From the New York Times: “As the Republican-proposed tax plan makes its way through Congress, here are three books to help you understand what’s at stake.” T.R. Reid’s A FINE MESS: A Global Quest for a Simpler, Fairer, and More Efficient Tax System is the first book on this list.
INC. has profiled Nick Riggle and his new book.
These days people use the word “awesome” to describe everything from a new episode of their favorite show to a tasty hot dog. It’s a far cry from the traditional meaning of the word – inspiring awe. So has the term become basically meaningless, just a sloppy way to say ‘very good’? Nope, argues University of San Diego philosopher professor Nick Riggle in his new book On Being Awesome: A Unified Theory of How Not to Suck. “I think there’s something deep behind the popularity of “awesome””, he insists. Being awesome, Riggle argues, actually has a specific if rarely understood meaning. And understanding more about what we mean when we use this everyday expression of praise can help unlock our own ability to be awesome at whatever it is we do. [INC.com]
The Guardian reports on the dazzling light show at Durham Cathedral which Helen Marriage’s group Artichoke is responsible for.
The festival, created by the arts trust Artichoke, has now spread to other cities and will return to London in January, but it began in Durham in 2009. “It’s fair to say that in the beginning some people wondered what on earth we were at,” its director Helen Marriage said. “Now it’s an immense source of local pride – a lot of people went down to London and said it was good but not a patch on Durham.” [TheGuardian.com]
Brian Alexander’s Glass House has made the list.
“A devastating portrait…For anyone wondering why swing-state America voted against the establishment in 2016, Mr. Alexander supplies plenty of answers.” ―The Wall Street Journal … In 1947, Forbes magazine declared Lancaster, Ohio the epitome of the all-American town. Today it is damaged, discouraged, and fighting for its future. In Glass House, journalist Brian Alexander uses the story of one town to show how seeds sown 35 years ago have sprouted to give us Trumpism, inequality, and an eroding national cohesion. [Amazon]
Even as he sets the pace in the race to autonomous cars, Larry Page, the chief executive of Alphabet and a founder of Google, is backing Kitty Hawk, a start-up that wants to move commuting into the air. And many others, including the start-up Joby Aviation, Uber and Airbus, are working on vehicles capable of flying above congested roads. These vehicles take many forms, but generally, they carry a single rider and take off like a helicopter: straight up. At first, Kitty Hawk will sell its vehicles to hobbyists. But the company hopes it can eventually convince the general public, and regulators, that flying cars make sense. That is no easy task. After all, these cars will require a new kind of air traffic control. [NYTimes.com]
Congrats to both speakers. Meredith Wadman’s The Vaccine Race (“Scientific anecdotes, historical detail and quirky characters enliven this tale of how researchers developed vaccines against polio, rubella, rabies and more.”) and Liza Mundy’s Code Girls (“Because they were sworn to secrecy, the women recruited to decipher German and Japanese codes were barely known after World War II. Mundy tells their story.”) among the notable works of nonfiction this year recognized by the Washington Post.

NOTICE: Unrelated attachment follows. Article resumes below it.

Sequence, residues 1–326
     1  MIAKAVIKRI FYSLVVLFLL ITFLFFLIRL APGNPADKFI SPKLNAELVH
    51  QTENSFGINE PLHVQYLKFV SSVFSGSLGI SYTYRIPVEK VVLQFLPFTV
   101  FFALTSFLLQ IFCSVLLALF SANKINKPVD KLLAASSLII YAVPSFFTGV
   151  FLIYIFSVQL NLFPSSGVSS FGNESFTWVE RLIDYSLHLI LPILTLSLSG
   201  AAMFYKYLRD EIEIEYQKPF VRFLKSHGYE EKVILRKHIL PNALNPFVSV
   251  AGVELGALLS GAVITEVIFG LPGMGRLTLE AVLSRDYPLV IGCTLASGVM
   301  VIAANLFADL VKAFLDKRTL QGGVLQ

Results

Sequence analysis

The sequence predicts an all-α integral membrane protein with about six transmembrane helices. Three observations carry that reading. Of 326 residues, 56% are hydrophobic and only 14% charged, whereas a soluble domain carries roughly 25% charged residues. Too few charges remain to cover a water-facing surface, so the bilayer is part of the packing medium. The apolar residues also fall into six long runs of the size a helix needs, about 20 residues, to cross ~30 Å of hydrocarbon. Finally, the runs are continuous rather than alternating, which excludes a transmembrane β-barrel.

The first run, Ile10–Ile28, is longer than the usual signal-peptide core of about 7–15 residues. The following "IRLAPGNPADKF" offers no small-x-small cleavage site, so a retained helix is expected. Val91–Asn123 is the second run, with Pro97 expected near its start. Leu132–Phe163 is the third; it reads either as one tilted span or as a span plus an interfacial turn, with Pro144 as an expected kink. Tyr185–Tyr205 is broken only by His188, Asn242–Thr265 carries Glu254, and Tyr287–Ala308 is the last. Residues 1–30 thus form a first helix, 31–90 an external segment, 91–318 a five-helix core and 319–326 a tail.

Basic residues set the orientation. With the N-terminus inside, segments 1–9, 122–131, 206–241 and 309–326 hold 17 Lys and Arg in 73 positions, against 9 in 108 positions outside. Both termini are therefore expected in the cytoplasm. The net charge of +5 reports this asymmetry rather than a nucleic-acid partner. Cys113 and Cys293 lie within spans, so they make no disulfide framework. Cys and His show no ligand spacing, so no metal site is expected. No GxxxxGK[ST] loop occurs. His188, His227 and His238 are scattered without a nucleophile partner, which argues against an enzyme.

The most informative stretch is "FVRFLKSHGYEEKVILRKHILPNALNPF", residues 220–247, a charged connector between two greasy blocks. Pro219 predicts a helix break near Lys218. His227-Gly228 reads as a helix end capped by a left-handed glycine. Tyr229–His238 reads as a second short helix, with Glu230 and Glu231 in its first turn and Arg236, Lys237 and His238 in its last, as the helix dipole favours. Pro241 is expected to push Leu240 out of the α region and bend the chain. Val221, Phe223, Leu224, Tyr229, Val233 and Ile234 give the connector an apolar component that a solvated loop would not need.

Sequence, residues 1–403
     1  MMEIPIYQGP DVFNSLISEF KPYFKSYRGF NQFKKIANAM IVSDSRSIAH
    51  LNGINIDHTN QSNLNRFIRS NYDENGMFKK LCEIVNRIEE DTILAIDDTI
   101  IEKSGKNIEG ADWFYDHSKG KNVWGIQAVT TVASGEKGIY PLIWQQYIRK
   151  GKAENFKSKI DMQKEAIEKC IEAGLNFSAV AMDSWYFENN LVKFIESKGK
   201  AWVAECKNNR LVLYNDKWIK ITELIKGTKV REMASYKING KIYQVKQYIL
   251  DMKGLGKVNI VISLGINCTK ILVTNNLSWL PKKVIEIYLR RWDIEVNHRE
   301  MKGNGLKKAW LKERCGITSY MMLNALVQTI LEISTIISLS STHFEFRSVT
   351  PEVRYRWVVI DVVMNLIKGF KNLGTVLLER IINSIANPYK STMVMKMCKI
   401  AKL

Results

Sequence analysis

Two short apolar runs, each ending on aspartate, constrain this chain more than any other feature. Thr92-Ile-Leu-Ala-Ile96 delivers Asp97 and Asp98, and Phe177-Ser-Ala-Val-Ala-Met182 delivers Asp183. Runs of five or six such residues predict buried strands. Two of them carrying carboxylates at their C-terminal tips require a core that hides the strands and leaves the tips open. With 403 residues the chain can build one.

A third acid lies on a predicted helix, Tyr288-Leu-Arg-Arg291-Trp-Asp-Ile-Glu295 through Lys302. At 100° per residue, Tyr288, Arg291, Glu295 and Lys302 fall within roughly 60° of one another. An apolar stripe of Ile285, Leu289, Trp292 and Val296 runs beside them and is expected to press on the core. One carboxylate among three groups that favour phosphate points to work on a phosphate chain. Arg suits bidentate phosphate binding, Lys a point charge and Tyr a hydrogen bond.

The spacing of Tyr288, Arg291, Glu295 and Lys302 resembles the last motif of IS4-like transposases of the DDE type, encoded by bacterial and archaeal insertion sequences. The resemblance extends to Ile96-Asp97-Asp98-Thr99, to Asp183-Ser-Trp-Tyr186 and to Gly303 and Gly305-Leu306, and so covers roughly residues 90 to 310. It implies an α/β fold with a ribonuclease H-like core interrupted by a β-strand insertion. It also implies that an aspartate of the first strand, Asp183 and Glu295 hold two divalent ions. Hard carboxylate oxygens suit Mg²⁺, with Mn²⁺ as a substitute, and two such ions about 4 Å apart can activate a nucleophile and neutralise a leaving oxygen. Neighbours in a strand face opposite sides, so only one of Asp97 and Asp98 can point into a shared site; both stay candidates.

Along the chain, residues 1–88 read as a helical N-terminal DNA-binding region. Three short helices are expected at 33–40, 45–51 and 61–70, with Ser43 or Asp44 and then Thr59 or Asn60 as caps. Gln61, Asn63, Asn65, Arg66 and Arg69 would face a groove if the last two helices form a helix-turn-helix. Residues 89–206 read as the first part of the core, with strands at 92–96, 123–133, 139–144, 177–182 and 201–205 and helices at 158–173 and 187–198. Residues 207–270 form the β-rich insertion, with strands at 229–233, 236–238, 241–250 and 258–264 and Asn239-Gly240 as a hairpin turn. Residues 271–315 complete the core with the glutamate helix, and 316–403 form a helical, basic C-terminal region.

Helen Thorpe’s new book The Newcomers: Finding Refuge, Friendship, and Hope in an American Classroom is out now. Malcolm Gladwell says, “Helen Thorpe has taken policy and turned it into literature.” Here is an interview Helen conducted with 5280 Magazine, and read this great view in the Denver Post.
Jay Newton-Small’s latest for TIME.
If it seems like the structures that enable sexism are exploding, that’s because they scientifically are, according to the theory of critical mass. When women reached 20% in the Senate, they went after the Pentagon to reform the military’s sexual-assault protocol. When they reached 25% of Hollywood producers, they took down Harvey Weinstein and his casting-couch culture. And when they reached a third of the White House press corps, Fox’s Roger Ailes, NPR’s Michael Oreskes and other serial harassers in the media began to get called out. Somewhere in that zone, when women comprise 20% to 30% of an institution, things begin to change. [TIME.com]
The NY Times have reviewed the latest from Liza Mundy. (Above see a recent talk on the book; introduced by Liza’s husband.)
In Liza Mundy’s prodigiously researched and engrossing new book, “Code Girls: The Untold Story of the American Women Code Breakers of World War II,” she describes the experiences of several thousand American women who spent the war years in Washington, untangling the clandestine messages sent by the Japanese and German militaries and diplomatic corps. At a time when even well-educated women were not encouraged to have careers — much less compete with men to demonstrate their mastery of arcane, technical skills — this hiring frenzy represented a dramatic shift. The same social experiment was simultaneously unfolding on the other side of the Atlantic. The British debutantes and their middle-class peers recruited to work at the secret Bletchley Park code-breaking operation came to outnumber the men. [NYTimes.com]